Wednesday, April 29, 2009
Two Hands Curl - Jim Halliday
Two Hands Curl
by Jim Halliday
See here to read Jim Halliday's book - Olympic Lifting -
We now discuss one of the pure basic lift (at least it was pure until some modern performers caricaturized it all out of proportion) and this is the Two Hands Curl, lift No. 33 in the Society’s list of definitions. The rules for correct performance read as follows:
The barbell grasped with both hands (palms to the front) shall hang at arms’ length across the lifter’s front, from which position it shall be lifted to the height of the shoulders by bending the forearms completely on the upper arms. The commencement of the curl shall be indicated by the referee’s signal.
Throughout the curl the trunk must not be inclined backwards, forwards, or sideways, and the shoulders must be kept quite level, the legs straight. The slightest deviation from this position shall be counted cause for disqualification.
The conclusion of the lift shall be indicated when the referee gives his signal after the expiration of two seconds.
Points of Interest
The above definition in, as naturally it is meant to be, self-explanatory, and needs no additions to guide the lifter in the manner he must perform the lift for competitive purposes. It is purely and simply an arms’ movement, but there are two points that may assist some performers in reaching higher figures.
You will note that the rules say the shoulders must be kept level, but this does not mean they must be kept stationary. If it is of assistance, you can raise the shoulders, providing the above rule is not broken during the process.
The second point I wish to make is that some lifters may find it advantageous to take the elbows back during the first part of the lift, bringing the bar into the body until the forearms are at the halfway position, then pushing them forward again as the forearms bend on to the upper arms to conclude the lift. These two factors may of may not improve performance, but they are worthwhile experiments in the early stages.
It is when we contemplate the movement as an EXERCISE that the causes for controversy become apparent. In these days of “cheating” movements, “peak contraction” movements, etc., some lifts became different exercises altogether from the ones originally devised. The Curl is no exception.
In an endeavor to increase the amount of weight the performer can handle, many bodybuilders now use the cheating method, which usually consists of bending forward at the commencement and then swinging the weight into position, using the whole body, (and even the legs) whilst so doing.
I do not intend to invite any arguments by writing too much on this subject, but I would like to point out one important factor.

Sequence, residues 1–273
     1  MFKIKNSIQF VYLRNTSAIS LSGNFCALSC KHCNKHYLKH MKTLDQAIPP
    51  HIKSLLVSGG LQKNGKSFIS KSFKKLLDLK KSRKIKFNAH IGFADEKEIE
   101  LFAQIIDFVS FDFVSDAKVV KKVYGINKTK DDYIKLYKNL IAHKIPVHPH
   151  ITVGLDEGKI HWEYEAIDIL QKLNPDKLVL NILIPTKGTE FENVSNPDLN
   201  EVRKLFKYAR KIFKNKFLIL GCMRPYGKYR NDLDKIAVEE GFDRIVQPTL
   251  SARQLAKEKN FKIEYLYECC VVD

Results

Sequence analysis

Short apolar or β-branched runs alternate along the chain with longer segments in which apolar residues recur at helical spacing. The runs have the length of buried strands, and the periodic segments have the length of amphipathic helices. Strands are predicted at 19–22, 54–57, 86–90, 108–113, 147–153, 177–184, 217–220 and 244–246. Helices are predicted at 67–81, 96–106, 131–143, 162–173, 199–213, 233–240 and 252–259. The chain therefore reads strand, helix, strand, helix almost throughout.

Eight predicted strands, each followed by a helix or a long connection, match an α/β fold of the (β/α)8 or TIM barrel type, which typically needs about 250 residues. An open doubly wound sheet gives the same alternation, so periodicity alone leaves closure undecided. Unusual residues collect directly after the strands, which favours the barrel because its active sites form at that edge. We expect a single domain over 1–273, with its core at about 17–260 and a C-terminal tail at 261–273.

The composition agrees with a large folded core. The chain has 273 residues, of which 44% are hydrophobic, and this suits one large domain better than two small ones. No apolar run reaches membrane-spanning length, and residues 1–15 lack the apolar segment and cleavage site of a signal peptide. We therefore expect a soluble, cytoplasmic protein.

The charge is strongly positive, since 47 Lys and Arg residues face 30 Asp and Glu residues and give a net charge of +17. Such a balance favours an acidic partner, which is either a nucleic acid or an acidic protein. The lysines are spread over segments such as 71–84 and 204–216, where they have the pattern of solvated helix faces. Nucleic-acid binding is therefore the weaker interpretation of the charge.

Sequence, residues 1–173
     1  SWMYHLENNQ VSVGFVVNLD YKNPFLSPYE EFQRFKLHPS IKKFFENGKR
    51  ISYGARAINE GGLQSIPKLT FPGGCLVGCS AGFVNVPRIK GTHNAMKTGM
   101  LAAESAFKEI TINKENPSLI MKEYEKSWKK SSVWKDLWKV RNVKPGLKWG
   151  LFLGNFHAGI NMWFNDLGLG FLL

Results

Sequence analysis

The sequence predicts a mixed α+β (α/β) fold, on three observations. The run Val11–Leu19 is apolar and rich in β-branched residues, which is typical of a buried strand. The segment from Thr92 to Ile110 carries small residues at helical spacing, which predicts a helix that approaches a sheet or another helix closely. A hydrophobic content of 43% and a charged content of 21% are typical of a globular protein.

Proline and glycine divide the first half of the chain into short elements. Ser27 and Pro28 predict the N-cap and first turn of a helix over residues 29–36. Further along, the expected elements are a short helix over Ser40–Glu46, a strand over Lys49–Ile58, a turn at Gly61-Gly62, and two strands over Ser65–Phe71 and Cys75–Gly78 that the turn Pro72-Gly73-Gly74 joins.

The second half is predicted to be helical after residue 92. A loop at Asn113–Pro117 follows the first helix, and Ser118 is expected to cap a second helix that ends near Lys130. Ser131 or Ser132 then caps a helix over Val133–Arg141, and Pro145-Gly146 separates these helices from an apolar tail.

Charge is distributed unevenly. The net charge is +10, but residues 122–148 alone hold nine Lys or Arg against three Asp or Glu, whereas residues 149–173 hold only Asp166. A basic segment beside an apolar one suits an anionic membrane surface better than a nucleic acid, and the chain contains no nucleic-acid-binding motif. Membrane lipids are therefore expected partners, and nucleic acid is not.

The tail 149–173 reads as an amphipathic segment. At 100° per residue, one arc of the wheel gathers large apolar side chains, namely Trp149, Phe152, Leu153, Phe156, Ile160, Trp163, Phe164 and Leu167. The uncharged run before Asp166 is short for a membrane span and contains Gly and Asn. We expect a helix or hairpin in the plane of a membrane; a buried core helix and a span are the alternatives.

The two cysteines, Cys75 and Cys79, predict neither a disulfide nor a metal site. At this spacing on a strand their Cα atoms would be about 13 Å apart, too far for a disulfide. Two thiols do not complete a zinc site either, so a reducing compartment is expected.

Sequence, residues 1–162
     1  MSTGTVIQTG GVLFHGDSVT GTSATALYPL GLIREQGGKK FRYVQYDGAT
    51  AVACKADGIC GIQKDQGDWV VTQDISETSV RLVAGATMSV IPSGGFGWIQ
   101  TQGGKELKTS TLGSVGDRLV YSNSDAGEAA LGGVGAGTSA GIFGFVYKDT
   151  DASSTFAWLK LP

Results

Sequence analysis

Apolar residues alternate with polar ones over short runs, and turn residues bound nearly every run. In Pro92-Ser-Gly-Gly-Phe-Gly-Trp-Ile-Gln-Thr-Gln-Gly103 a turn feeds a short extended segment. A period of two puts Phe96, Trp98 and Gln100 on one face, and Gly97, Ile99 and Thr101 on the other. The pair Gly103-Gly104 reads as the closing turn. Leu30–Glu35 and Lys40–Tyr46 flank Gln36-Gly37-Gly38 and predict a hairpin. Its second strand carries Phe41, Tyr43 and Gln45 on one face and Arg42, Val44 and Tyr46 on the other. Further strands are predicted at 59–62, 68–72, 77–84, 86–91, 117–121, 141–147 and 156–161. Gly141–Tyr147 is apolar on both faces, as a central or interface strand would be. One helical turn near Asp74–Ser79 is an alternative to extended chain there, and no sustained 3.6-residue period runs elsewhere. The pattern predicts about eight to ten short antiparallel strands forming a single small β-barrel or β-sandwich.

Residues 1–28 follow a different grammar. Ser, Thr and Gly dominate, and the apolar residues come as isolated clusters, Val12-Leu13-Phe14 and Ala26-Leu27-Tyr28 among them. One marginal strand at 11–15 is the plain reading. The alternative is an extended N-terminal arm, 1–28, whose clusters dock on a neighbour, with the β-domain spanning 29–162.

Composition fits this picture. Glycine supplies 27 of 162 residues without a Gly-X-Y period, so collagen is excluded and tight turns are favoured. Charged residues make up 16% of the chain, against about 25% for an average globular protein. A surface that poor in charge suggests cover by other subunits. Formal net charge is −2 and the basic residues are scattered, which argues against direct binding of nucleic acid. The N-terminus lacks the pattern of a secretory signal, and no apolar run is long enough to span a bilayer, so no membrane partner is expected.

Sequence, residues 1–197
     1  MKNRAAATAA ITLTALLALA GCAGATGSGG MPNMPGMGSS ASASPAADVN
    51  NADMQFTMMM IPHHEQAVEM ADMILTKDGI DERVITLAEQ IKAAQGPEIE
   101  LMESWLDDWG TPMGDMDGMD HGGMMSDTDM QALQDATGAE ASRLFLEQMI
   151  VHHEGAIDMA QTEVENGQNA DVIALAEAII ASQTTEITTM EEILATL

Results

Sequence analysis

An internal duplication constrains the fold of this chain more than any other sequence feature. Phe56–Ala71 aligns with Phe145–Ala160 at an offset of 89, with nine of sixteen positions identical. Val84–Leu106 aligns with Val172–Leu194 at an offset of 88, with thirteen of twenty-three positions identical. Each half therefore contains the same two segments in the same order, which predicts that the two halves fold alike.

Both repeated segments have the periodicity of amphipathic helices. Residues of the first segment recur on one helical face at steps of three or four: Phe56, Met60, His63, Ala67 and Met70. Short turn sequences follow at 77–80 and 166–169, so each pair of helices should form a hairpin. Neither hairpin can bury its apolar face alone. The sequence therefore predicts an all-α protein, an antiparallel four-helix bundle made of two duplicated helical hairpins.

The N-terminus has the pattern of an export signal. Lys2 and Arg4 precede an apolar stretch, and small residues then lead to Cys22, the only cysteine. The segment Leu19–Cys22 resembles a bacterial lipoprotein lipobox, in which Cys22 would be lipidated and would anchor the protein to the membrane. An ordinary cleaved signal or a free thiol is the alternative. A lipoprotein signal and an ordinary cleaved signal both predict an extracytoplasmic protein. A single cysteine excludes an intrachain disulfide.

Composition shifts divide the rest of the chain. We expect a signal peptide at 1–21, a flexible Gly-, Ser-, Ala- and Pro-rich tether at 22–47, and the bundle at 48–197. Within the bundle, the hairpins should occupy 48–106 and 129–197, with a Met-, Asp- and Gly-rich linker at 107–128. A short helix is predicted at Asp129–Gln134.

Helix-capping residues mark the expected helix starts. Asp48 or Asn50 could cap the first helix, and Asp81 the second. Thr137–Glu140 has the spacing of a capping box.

Look at the photo illustrating the concluding position of this lift. I maintain that this is the position that MUST be attained (in fact, I feel the arms should be bent even more) if the biceps are to be correctly (i.e. adequately) exercised. I also maintain that at the commencement of the lift (and also when the weight is lowered at the end of the movement) the arms should be fully straightened. Ask yourself how often this is possible with the weights used in a cheating movement.
I believe that when one is doing an exercise to benefit one specific group of muscles, one must ensure that the BULK OF WORK is done by that group; otherwise, the purpose is defeated. When you use a poundage that the muscles in question cannot cope with, you are forced to use other muscle groups to successfully complete the lift. I see no point in adding weight to help develop a muscle, if you have to overly use other muscles to lift such a weight.
If you do like to cheat, do so by all means, but do not call it a “curl”. Give it the appropriate name and call it a “reverse clean”. I also give you some further advice – gratis! If you perform cheat curls, ensure that you also perform some form of the orthodox full curling movement to ensure the muscles are exercised through the full range.
I believe one can successfully employ a HEAVY AND LIGHT system in conjunction with this movement. It is an “easy” exercise and does not call very much upon the performer’s energies, neither does it unduly use up any nervous forces. Consequently, a lot of work can be done without interference with the rest of the training programme, and I feel the point to watch is that one does not become too enthusiastic about “big biceps” and spend too much time on this lift.
The programme can be founded on many variations of groups and reps, and you can try the following schedules based on a four-days-a-week system:
(1) 1st and 3rd days – 5 sets of 5 reps, light weights.
2nd and 4th days – 6 sets of 2 reps, heavy weights.
(2) 1st and 3rd days – At the beginning of the schedule 4 sets of 4 reps with light weights, and later in the schedule 4 sets of 2 reps with heavy weights.
2nd and 4th days – At the beginning 8 singles with a heavy poundage, followed later by 3 sets of 5 reps with a light weight.
Other curling movements can also be employed, but when this is done, the over-all work should be approximately confined to the limits set out above. These additional movements include single-arm dumbell curls alternately, and as a variation the reverse curl with barbell.
Whenever the performer wishes to attempt this lift competitively, I think he will best be served by confining himself to SINGLE ATTEMPTS – say 8 lifts with near-maximum poundage – for the final week leading to the personal record attempt or competition. During this time he should pay strict attention to style and all the aspects of a correct lift, ceasing all curling on the two days immediately preceding the attempt.
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